Day Trip: Ultimate Photo Tour Through Kyoto, Japan

Your perfect day trip guide to shooting street photography in Kyoto, Japan. Recommended locations and tips by using Moment lenses.

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If you’re heading to Japan, you obviously can’t miss Kyoto, the country’s old capital. Kyoto is known for its kaiseki (multi-course meals), geishas (called “geiko” here), shinto shrines, and countless other fascinating cultural markers.

Once you’re there, follow this guide to a perfect photographic tour through the city. This street photowalk can be done in an afternoon with no commuting required.  

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Pontocho is a narrow alley, running from Shijo-dori to Sanjo-dori. It’s lined on both sides with tea houses, restaurants, and bars. It’s one of the few places in Japan where much of the architecture and form are protected and preserved, so walking along this alley gives you an “old Japan” vibe.  

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Just a short walk away from Pontocho is Hanami-koji. You will usually see both locals and foreigners in colorful kimonos walking the street, taking in the sights, or going to dine at one of the many restaurants and tea houses that line the street. The many side streets and alleys that sprout from Hanami-koji give you the perfect backdrop to the picturesque scenes.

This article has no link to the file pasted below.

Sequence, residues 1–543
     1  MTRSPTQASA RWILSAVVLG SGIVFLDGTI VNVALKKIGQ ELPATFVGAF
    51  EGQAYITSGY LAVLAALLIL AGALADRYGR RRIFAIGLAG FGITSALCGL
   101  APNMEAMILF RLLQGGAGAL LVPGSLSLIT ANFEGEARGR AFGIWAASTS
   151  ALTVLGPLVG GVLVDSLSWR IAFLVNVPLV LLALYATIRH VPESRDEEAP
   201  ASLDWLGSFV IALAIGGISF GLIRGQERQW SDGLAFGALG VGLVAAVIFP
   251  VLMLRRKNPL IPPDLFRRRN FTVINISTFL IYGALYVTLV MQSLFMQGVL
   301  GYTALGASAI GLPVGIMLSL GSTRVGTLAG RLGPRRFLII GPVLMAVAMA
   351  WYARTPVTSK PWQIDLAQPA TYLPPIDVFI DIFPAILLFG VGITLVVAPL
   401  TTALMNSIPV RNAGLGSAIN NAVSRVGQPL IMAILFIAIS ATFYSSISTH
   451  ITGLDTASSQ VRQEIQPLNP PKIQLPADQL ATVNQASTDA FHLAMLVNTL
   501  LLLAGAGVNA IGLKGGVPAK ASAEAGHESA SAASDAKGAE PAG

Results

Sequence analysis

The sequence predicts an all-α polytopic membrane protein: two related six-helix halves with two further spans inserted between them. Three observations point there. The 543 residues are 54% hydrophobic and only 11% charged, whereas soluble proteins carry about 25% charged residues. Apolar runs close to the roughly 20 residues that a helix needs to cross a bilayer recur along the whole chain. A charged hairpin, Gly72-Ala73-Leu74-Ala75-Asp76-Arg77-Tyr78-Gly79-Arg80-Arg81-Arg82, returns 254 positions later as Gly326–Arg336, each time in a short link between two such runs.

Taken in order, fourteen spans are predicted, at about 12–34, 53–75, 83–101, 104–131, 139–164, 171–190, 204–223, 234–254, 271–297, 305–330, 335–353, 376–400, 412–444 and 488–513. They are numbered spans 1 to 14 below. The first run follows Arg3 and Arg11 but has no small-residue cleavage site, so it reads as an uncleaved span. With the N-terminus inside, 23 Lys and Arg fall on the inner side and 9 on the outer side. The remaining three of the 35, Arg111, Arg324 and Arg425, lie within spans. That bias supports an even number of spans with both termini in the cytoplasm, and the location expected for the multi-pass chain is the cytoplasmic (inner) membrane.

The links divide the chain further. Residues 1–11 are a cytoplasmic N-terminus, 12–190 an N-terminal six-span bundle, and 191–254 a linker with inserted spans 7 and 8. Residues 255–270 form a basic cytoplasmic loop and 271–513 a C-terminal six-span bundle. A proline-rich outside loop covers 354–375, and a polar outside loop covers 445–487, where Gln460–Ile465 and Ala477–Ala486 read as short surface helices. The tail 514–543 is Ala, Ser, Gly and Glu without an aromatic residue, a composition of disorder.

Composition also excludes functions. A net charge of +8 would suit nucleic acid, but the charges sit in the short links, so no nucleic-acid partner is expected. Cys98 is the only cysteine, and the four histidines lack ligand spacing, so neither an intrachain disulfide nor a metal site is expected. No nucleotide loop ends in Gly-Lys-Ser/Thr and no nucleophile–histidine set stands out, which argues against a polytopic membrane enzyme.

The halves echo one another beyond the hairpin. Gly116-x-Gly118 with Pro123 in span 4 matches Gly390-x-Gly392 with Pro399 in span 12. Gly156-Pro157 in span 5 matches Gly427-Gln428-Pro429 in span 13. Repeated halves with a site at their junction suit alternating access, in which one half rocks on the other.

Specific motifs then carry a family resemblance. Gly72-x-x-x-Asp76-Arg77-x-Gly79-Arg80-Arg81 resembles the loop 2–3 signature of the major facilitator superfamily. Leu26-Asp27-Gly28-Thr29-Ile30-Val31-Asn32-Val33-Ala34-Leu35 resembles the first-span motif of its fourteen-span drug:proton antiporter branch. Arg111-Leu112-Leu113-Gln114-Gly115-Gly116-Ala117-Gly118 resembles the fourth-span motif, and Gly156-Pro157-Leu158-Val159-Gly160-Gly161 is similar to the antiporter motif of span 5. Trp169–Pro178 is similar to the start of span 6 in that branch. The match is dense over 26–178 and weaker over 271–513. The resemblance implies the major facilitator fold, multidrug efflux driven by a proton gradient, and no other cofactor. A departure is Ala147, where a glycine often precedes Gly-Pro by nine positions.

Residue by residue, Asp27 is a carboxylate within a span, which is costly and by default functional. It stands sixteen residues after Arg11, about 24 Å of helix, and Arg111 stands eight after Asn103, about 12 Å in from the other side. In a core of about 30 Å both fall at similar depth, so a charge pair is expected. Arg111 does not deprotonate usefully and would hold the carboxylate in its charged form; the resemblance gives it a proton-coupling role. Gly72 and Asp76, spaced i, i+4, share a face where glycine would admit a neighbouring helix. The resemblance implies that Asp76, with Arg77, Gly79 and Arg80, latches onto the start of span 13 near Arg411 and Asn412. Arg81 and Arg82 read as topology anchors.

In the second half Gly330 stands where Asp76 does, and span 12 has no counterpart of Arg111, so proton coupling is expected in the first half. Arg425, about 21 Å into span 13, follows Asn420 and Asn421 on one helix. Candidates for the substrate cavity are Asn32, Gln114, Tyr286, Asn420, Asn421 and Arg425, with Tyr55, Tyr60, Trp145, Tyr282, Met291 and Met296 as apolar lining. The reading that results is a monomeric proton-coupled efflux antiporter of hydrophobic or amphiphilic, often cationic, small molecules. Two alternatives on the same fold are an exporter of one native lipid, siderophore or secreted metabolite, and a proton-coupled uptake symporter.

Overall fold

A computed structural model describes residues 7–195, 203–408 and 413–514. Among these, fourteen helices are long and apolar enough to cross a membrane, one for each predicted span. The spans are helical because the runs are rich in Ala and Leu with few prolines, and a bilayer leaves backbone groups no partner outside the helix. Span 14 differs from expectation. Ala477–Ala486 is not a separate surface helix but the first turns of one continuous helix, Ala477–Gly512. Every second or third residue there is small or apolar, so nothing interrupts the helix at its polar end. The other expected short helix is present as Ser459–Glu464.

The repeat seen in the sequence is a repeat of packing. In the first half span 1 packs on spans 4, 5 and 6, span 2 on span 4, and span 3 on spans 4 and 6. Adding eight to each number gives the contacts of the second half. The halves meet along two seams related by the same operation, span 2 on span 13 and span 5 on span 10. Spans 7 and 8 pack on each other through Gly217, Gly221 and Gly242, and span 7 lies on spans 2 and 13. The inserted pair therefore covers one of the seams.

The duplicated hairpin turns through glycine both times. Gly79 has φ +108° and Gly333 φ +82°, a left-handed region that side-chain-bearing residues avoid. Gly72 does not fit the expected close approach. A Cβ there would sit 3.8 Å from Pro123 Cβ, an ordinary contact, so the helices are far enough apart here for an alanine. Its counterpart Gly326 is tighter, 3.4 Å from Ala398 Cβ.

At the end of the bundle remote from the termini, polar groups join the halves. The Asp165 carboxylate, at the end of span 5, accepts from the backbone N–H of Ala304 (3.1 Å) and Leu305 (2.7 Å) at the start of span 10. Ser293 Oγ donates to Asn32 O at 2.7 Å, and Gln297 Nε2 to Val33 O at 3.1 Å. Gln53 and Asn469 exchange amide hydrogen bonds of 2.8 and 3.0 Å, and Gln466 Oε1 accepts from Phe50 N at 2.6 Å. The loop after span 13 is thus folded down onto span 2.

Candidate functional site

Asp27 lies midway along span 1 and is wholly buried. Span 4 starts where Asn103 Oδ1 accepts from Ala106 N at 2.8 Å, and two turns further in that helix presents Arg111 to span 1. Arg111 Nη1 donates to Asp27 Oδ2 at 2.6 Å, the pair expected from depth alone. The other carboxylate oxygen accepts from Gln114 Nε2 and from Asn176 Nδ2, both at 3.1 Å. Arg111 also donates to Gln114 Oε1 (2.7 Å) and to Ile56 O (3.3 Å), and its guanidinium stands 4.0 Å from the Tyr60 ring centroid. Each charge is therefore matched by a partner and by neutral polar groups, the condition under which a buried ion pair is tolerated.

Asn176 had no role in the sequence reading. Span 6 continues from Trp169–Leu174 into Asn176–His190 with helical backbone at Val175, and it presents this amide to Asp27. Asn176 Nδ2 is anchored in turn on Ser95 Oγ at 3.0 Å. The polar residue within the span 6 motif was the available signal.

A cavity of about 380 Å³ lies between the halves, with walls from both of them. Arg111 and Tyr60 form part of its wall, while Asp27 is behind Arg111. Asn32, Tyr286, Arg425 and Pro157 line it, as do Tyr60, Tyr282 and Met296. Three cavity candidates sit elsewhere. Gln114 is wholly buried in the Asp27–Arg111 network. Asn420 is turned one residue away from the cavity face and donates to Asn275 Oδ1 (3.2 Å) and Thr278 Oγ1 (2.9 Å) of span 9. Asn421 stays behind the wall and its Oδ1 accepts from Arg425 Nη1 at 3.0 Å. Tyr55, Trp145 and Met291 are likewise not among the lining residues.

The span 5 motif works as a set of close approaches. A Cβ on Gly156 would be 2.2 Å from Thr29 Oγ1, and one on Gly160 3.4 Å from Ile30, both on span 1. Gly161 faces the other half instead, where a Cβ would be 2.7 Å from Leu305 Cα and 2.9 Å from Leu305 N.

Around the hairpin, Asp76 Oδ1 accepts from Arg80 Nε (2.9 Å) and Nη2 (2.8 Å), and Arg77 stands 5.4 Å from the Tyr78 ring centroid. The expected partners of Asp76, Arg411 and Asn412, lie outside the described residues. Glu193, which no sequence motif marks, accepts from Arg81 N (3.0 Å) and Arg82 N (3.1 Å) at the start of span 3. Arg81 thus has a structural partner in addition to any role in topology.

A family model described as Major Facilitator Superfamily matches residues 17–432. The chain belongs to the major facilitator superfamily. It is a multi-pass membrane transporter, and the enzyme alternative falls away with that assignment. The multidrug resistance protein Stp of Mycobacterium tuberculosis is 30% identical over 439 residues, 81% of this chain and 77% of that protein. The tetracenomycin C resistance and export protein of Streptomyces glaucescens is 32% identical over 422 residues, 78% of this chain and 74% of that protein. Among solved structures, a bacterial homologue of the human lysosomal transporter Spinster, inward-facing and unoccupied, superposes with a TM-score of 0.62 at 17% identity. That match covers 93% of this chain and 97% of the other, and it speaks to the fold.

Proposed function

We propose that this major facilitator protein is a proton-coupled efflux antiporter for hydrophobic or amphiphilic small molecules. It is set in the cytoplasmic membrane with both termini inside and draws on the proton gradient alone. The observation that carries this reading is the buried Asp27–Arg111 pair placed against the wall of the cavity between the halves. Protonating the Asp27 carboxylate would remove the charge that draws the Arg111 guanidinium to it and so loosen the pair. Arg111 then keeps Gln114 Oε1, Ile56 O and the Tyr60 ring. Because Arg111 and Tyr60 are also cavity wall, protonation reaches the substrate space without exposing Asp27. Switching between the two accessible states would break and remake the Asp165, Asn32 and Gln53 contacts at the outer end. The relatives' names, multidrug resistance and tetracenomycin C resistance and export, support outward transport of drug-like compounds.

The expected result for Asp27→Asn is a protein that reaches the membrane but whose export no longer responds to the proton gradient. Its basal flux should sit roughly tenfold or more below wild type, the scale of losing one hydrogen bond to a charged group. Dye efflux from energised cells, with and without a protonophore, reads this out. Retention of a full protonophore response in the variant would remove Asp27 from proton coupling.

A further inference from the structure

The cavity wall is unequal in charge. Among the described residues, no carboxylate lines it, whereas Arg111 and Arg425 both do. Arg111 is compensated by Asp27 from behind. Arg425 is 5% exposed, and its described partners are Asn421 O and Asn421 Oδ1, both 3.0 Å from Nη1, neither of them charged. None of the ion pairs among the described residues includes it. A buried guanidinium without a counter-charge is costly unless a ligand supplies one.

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If you want to see geiko and maiko in Kyoto, Miyagawa-cho would be your best bet to see them walking around. The best time to go would be in the afternoon, when maikos are running around prepping for the night, and geikos are traveling to their respective teahouses. Make sure to be polite when you do see one, and try not to get in their way, as they are busy getting things done.

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Ishibe Alley

Ishibe Alley is only about a 5-10 min. walk away from Hanami Koji. One of the best things about this place is it’s virtually undiscovered, so it’s not as crowded as Hanami-koji or other parts of Gion. Walking along the residential homes and guesthouses, it seems like you’ve walked onto a movie set.

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Ichinen-zaka, Ninen-zaka, Sannen-zaka

Ichinen-zaka, Ninen-zaka, and Sannen-zaka are three pedestrian-only streets that are filled with beautifully restored shops. Most times of the day, the streets are filled with visitors, foreign and local alike, browsing the many dessert and souvenir shops. There is a myth that if you fall down in Ninen-zaka, you will die in 2 years. So make sure to look up from your phone, and be careful when climbing the steps. 

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